No Rest, No Problem for Will Siegel

Will Siegel couldn’t start tennis practice with the rest of the team this season, and for good reason: The talented star basketball player was in the midst of leading his basketball team to the PIAA tournament. However, after a disappointing loss in the second round that ended the season, the first-team all-section player switched gears quickly. The next day, Will dusted off his tennis racquet after not playing for the better part of the year, walked across the road from the gymnasium – where he’d put his heart and soul into basketball for the past four years – and stepped onto the tennis courts as the team’s returning top singles player.

What happened next was remarkable – in between bouts of bad weather and with only a few weeks of practice, Will won the WPIAL Class 3A Section 3 singles title.

Coach Alex Slezak says that in his nearly 15 years of coaching boys’ and girls’ teams, he has never had a multisport athlete win a singles championship.

“I’ve never seen this before,” says the coach, who cites Will’s athleticism, competitiveness, and enduring spirit as factors in his success. “The players who win these titles are usually serious year-round players who enter a lot of tournaments.”

Will adds, “I played athletically is the best way I can say it. I am still a little rusty from missing so much time, but I used the ability of being able to be quicker and in better shape than my opponents.”

The switch from being a team player to having the solo spotlight is a mental adjustment, but Will makes that transition pretty easily. In fact, he says he loves the way that tennis teaches mental fortitude. He used that knowledge and what he has learned about himself as an athlete over the years to give him the confidence to win the section title in tennis.

“The mindset is so different (from basketball),” says Will, who comes from a tennis family and started playing when he was six years old.  “You are playing by yourself and have nobody to lean on except yourself. In basketball, I could have a bad game and we could still maybe win. But in tennis, it’s all on me every single match. There are 100% nerves when playing in the spotlight, but by this point, I am built for big moments, and it is nothing I am scared of.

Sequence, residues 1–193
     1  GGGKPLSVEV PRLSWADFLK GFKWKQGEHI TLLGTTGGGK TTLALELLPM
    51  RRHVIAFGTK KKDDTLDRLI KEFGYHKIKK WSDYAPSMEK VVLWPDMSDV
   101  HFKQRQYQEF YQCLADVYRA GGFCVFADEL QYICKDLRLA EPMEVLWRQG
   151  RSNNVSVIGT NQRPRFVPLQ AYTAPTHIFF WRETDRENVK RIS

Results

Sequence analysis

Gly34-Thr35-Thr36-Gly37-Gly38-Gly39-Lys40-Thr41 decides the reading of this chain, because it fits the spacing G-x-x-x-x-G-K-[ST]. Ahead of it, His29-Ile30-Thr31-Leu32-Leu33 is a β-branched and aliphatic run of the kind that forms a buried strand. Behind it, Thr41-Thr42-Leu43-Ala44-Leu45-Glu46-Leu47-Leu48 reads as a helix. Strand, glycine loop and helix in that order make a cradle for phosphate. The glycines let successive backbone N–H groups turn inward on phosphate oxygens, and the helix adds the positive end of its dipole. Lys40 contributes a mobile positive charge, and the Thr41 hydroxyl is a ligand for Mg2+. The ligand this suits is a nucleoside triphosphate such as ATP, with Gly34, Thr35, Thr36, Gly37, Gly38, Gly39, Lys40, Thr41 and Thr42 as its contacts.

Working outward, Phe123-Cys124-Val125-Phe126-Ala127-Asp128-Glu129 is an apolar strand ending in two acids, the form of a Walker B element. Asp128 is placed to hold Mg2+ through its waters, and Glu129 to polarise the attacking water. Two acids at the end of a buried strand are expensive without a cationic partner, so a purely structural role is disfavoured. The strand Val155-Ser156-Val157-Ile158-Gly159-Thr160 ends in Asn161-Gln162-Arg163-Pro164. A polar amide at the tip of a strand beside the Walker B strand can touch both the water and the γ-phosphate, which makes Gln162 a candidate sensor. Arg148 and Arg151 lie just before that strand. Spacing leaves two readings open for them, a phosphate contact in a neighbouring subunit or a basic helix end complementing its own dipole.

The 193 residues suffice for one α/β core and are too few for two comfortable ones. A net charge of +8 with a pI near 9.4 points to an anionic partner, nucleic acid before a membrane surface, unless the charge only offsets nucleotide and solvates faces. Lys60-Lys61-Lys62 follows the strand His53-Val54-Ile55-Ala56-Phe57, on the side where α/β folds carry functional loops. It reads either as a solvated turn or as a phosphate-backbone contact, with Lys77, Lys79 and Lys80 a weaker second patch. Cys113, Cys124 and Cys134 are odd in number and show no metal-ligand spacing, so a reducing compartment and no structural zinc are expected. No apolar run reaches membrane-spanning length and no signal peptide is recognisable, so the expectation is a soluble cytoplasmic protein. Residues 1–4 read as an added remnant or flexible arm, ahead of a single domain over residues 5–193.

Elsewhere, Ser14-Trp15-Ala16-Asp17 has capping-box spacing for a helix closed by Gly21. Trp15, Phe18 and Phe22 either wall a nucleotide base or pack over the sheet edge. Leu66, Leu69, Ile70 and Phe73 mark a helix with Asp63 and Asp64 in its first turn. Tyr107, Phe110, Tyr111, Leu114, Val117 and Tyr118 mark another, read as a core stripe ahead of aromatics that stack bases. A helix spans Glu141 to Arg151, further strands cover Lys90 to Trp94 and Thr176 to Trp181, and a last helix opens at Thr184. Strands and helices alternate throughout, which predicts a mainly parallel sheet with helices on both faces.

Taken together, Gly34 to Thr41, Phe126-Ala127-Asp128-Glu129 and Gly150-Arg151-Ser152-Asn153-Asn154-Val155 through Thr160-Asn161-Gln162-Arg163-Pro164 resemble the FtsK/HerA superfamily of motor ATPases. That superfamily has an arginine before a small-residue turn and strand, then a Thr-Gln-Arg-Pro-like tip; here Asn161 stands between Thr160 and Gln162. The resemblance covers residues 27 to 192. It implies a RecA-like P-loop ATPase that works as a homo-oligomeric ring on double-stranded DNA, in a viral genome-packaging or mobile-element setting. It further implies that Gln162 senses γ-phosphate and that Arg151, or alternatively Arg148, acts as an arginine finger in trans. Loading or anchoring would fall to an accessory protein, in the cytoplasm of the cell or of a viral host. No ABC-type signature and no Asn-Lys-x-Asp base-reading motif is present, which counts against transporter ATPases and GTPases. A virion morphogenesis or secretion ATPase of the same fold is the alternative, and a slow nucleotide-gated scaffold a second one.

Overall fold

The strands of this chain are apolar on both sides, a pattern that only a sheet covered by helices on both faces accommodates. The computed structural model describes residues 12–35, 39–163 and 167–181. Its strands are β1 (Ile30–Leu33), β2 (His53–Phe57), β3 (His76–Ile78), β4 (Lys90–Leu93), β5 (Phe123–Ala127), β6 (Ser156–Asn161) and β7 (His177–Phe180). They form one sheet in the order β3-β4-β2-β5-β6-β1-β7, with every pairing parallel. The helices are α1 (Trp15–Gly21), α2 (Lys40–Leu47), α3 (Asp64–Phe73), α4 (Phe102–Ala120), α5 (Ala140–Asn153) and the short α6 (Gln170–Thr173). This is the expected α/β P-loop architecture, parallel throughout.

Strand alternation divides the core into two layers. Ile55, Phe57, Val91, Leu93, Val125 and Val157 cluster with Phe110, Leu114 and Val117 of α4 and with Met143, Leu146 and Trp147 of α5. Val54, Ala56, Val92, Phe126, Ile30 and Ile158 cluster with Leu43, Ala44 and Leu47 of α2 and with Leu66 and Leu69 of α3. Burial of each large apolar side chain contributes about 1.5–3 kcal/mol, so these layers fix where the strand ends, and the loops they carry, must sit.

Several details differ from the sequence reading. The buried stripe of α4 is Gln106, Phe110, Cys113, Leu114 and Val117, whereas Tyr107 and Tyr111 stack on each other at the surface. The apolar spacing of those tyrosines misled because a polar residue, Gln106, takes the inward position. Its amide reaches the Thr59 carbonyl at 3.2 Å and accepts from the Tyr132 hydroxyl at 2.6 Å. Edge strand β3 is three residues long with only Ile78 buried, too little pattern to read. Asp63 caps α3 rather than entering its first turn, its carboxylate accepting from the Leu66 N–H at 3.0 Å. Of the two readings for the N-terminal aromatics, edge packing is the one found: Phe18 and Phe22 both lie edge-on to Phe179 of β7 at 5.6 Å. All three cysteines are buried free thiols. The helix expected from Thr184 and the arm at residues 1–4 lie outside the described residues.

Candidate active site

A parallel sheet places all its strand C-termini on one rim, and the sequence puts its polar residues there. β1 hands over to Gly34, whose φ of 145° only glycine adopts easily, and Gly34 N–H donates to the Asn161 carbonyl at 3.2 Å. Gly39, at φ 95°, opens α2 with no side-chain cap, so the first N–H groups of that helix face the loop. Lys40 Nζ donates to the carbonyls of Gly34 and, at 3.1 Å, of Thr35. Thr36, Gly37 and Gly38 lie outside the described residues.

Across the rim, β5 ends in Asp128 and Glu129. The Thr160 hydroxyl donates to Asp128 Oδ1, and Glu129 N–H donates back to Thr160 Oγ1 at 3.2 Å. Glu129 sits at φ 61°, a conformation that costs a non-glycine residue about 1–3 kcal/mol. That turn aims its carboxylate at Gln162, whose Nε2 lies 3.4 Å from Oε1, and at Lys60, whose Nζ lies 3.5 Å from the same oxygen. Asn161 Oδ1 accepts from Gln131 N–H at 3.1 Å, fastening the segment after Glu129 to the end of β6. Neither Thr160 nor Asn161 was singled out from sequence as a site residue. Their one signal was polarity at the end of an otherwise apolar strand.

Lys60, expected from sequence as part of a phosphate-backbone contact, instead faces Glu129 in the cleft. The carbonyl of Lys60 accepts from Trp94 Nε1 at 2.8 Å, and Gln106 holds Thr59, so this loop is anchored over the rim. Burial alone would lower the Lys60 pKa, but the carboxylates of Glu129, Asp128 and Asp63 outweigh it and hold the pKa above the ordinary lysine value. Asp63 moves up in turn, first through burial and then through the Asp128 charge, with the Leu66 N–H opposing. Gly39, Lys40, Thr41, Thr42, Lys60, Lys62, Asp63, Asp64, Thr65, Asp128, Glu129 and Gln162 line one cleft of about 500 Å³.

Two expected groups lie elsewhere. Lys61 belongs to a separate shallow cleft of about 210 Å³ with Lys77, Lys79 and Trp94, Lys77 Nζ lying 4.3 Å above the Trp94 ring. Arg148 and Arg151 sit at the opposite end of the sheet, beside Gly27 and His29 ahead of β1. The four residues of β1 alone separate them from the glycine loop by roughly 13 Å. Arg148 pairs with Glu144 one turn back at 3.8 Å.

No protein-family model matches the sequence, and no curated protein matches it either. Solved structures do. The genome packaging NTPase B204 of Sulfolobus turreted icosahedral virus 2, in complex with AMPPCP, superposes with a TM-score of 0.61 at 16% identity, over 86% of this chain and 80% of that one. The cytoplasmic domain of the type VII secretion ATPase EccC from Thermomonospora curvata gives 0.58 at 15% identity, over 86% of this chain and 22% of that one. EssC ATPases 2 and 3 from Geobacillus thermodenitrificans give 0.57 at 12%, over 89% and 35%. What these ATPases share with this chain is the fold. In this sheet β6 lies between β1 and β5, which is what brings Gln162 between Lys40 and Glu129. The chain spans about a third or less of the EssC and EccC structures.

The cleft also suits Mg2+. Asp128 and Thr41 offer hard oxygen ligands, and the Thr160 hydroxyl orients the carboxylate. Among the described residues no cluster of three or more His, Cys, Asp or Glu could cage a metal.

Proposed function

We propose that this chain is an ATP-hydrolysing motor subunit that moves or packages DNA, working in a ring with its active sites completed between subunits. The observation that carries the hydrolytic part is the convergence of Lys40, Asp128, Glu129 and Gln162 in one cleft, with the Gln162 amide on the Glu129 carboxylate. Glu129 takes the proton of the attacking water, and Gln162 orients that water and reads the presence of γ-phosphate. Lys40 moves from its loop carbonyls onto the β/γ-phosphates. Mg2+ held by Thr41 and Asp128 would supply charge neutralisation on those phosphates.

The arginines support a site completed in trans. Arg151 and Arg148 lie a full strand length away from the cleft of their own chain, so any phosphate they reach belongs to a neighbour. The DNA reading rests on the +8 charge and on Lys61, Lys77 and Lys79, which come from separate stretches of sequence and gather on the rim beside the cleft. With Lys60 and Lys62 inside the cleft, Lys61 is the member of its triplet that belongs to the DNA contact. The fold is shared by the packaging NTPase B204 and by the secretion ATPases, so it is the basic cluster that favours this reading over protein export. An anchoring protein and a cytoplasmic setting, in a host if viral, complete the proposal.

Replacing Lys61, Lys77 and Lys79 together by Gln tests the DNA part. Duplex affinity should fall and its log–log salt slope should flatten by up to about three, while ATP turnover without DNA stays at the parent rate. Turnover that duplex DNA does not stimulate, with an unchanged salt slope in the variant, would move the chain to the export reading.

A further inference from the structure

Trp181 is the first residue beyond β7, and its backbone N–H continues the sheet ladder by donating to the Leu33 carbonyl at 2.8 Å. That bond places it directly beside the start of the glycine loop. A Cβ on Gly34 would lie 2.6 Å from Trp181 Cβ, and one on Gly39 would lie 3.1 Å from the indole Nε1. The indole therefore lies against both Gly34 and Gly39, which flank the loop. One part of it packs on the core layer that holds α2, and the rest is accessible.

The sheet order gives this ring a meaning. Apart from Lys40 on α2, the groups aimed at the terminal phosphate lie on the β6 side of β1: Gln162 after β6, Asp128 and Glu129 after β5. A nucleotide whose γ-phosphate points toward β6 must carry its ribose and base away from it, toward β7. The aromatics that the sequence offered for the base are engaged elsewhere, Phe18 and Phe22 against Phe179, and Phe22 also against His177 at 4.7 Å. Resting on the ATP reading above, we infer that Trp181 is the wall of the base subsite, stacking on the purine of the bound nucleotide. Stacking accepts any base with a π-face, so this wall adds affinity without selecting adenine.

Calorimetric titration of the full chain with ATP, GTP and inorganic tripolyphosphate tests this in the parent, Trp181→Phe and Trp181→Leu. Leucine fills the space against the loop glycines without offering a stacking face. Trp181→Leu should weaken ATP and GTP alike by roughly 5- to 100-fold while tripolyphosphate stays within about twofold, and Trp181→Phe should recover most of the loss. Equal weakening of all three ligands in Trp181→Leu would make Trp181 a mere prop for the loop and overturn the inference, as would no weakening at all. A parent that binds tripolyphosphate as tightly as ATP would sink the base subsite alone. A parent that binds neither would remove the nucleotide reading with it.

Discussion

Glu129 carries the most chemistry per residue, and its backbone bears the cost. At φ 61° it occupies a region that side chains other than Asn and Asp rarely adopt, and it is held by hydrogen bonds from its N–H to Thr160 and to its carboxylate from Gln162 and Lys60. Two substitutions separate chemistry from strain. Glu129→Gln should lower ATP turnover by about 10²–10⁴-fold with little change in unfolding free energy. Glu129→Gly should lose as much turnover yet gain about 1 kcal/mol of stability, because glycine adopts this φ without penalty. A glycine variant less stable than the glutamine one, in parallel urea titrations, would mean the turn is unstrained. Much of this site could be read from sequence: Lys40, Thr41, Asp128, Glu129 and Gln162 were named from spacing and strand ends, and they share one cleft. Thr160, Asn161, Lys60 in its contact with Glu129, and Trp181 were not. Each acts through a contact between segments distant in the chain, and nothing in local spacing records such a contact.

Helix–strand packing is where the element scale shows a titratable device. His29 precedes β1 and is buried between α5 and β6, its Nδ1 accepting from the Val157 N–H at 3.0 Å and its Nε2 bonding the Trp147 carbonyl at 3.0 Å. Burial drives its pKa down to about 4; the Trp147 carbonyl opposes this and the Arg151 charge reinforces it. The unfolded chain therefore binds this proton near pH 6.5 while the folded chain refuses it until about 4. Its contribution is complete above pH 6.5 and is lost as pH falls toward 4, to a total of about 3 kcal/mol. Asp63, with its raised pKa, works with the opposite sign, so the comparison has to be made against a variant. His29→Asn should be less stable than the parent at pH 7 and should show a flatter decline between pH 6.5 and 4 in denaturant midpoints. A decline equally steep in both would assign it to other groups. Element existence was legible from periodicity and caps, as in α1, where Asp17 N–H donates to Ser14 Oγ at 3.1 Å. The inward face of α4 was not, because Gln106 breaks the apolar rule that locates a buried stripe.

“This is the first thing I really feel like I have won by myself with the tennis team. When I play number one, I have to play so many kids who just play tennis, all year round and I end up losing when other kids on my team win. This time, I feel like I proved to myself that I am able to get the job done.”

The uniqueness of his situation is not lost on him. Will says, “It is an honor to be a first-team all-section player in basketball and win the section singles in tennis. I feel that it is a great way for me to end my high school career knowing that after all the hard work I have put in, I did get something out of it.”

Next up are the WPIAL singles playoffs on April 9 at Bethel Park High School, where the section singles champ will face Josh Kim of North Hills. He knows what he will be up against.

“The competition will be very difficult,” says Will. “I feel prepared at this point and think it is safe to say that we will give every team a good match.”